Child and adolescent psychiatry telemedicine: a Singaporean experience born in Covid-19

AUTHOR(S)
Ngar Yee Poon; Shirley Pat Fong; Shirley Pat Fong

Published: October 2020   Journal: Asian Journal of Psychiatry
Singapore was one of the first Asian countries to be affected by the Covid-19 outbreak. The article shares the experience of a consultation liaison psychiatry service within the largest women and children’s hospital in Singapore. The adoption of telepsychiatry has enabled continuous provision of care whilst reducing unnecessary exposure to COVID-19. This clinical case demonstrates the clinical utility of the telemedicine service for youth mental healthcare during the pandemic. 
Examining the impact of COVID-19 in ethnically diverse families with young children with intellectual and developmental disabilities

AUTHOR(S)
C. Neece; L. L. McIntyre; R. Fenning

Published: October 2020   Journal: Journal of Intellectual Disability Research
The present study sought to examine the impact of COVID-19 in 77 ethnically, linguistically and socioeconomically diverse families with young children with intellectual and developmental disabilities (IDDs) in California and Oregon, who were participating in larger intervention studies. Results suggest that parents of young children with IDD report significant challenges at home during the pandemic. Professional support, especially during the reopening phases, will be critical to support family well‐being and child developmental outcomes.
Cite this research | Open access | Vol.: 64 | Issue: 10 | No. of pages: 739-749 | Language: English | Topics: Health | Tags: COVID-19, disadvantaged groups, ethnic minority children, impact, social inequality | Countries: United States
Impact of COVID-19 pandemic on the mental health of children in Bangladesh: a cross-sectional study

AUTHOR(S)
Sabina Yeasmin; Rajon Banik; Sorif Hossain (et al.)

Published: October 2020   Journal: Children and Youth Services Review
This study aims to explore the impact of COVID-19 on the mental health of children during the lockdown in Bangladesh. The paper demonstrates that large proportions of children suffered from mental health disturbances in Bangladesh during the period of lockdown. Implementation of psychological intervention strategies and improvement in house-hold financial conditions, literacy of parents, taking care of children, and job security may help in improving the psychological/mental status of children and the authors believe that the findings will be beneficial to accelerate the rate of achieving the Sustainable Development Goal (SDG) linked to health status in Bangladesh.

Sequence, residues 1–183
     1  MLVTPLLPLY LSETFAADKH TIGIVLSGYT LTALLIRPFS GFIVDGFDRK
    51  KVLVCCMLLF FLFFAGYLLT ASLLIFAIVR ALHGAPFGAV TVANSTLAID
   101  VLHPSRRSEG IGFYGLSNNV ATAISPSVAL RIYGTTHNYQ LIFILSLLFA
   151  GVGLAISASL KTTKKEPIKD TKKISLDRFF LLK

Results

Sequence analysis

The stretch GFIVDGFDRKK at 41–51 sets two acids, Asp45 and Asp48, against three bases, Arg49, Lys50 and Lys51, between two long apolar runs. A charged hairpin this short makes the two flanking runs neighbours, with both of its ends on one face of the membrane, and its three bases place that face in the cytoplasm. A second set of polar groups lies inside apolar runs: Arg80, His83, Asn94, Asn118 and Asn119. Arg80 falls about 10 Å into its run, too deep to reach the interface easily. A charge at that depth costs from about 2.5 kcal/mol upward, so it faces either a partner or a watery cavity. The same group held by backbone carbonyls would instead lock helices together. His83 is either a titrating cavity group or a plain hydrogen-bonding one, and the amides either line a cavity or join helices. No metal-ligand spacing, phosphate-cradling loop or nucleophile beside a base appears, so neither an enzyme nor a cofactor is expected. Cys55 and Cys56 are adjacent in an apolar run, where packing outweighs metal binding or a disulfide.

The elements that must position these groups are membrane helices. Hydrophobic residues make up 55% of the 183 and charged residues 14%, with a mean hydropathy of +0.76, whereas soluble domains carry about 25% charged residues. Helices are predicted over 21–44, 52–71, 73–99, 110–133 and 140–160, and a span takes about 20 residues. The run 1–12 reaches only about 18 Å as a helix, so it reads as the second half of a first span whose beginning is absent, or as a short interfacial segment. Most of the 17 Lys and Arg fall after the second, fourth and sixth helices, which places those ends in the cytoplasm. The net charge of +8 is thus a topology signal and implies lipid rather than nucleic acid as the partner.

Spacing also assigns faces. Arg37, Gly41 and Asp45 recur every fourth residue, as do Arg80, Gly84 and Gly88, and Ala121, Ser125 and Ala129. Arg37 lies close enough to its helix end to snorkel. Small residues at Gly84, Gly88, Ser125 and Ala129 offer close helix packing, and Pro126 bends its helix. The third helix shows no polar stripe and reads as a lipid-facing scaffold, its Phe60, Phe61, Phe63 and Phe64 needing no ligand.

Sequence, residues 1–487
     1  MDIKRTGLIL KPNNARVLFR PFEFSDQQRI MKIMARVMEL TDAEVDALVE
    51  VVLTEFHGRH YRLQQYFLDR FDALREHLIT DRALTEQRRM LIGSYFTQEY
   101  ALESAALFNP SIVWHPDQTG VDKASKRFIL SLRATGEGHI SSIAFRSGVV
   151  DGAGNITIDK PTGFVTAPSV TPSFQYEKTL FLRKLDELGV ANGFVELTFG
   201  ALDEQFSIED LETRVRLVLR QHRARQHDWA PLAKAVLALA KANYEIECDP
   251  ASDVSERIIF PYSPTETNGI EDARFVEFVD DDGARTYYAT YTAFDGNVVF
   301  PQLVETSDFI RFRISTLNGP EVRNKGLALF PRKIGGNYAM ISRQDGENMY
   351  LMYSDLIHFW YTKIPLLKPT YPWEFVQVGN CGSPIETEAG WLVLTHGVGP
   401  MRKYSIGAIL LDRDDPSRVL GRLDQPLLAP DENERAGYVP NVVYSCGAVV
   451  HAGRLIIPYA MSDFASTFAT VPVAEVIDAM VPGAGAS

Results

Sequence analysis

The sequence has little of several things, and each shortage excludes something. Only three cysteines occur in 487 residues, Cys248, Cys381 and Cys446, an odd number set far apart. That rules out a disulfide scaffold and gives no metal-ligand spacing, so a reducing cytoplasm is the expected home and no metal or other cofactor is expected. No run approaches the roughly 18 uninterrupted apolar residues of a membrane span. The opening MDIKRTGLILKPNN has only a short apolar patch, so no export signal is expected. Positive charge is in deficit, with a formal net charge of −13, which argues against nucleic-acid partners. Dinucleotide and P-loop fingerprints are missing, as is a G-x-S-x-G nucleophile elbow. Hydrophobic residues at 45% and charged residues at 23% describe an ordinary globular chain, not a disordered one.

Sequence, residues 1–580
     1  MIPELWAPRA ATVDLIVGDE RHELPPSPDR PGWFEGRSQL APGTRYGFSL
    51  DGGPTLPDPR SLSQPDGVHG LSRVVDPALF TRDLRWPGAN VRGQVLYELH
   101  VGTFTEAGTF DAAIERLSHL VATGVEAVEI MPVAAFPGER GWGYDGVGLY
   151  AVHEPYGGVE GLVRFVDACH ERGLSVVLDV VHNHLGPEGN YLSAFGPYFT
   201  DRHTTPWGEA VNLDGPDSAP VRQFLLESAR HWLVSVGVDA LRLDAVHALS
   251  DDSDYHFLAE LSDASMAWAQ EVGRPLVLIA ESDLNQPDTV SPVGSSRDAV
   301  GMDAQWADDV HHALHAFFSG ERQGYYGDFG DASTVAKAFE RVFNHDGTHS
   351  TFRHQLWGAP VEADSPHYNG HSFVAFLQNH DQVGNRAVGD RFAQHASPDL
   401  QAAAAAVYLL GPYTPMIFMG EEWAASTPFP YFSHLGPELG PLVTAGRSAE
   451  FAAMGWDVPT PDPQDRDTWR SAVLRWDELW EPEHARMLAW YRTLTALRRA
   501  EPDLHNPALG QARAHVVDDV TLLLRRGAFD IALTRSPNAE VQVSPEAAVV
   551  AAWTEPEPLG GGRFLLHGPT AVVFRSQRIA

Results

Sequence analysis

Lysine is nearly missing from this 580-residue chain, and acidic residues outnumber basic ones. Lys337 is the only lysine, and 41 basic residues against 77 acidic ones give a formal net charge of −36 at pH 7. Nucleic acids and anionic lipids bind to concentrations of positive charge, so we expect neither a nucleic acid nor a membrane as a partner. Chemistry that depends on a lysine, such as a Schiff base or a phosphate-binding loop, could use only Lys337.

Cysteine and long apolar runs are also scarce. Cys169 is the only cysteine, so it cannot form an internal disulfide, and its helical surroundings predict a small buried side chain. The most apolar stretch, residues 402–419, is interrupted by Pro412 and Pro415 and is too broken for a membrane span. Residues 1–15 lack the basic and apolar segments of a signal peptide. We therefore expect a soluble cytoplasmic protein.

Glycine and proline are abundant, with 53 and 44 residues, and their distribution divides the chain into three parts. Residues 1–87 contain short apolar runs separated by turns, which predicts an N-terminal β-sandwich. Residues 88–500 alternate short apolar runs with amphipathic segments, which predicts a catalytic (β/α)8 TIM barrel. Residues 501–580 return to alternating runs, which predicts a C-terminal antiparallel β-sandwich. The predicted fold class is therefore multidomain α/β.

Domestic violence and substance abuse during COVID19: a systematic review

AUTHOR(S)
Carmita Abdo; Eduardo P. Miranda; Caroline Silva Santos (et al.)

Published: September 2020   Journal: Indian Journal of Psychiatry
As COVID-19 develops around the world, numerous publications have described the psychiatric consequences of this pandemic. Although clinicians and healthcare systems are mainly focused on managing critically ill patients in an attempt to limit the number of casualties, psychiatric disease burden is increasing significantly. In this scenario, increased domestic violence and substance abuse have been recently reported. The objective of this study is to perform a systematic review of the literature regarding the consequences of severe acute respiratory syndrome-CoV-2 infection in terms of domestic violence and substance abuse, and compare incidences found.
New briefs address inequities in education during COVID-19 and how education policy and schools can support marginalized children and youth
Institution: Society for Research in Child Development
Published: September 2020
A new volume of Statement of the Evidence briefs examines the impact of systemic racism and the potential exacerbating effects of COVID-19 on racial-ethnic minority and LGBTQ+ children and youth. The five 2-page briefs, written by child development experts, including members of SRCD caucuses, draw upon developmental science and recent data to focus on the experiences each community faces. They also provide guidance on evidence-informed educational policies and practices to address the needs of each community. Educational policymakers and leaders can draw upon each community’s strengths and implement these recommendations to address the unique needs of these children.
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UNICEF Innocenti's Children and COVID-19 Library is a database collecting research from around the world on COVID-19 and its impacts on children and adolescents.

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COVID-19 & Children: Rapid Research Response

UNICEF Innocenti is mobilizing a rapid research response in line with UNICEF’s global response to the COVID-19 crisis. The initiatives we’ve begun will provide the broad range of evidence needed to inform our work to scale up rapid assessment, develop urgent mitigating strategies in programming and advocacy, and preparation of interventions to respond to the medium and longer-term consequences of the COVID-19 crisis. The research projects cover a rapid review of evidence, education analysis, and social and economic policies.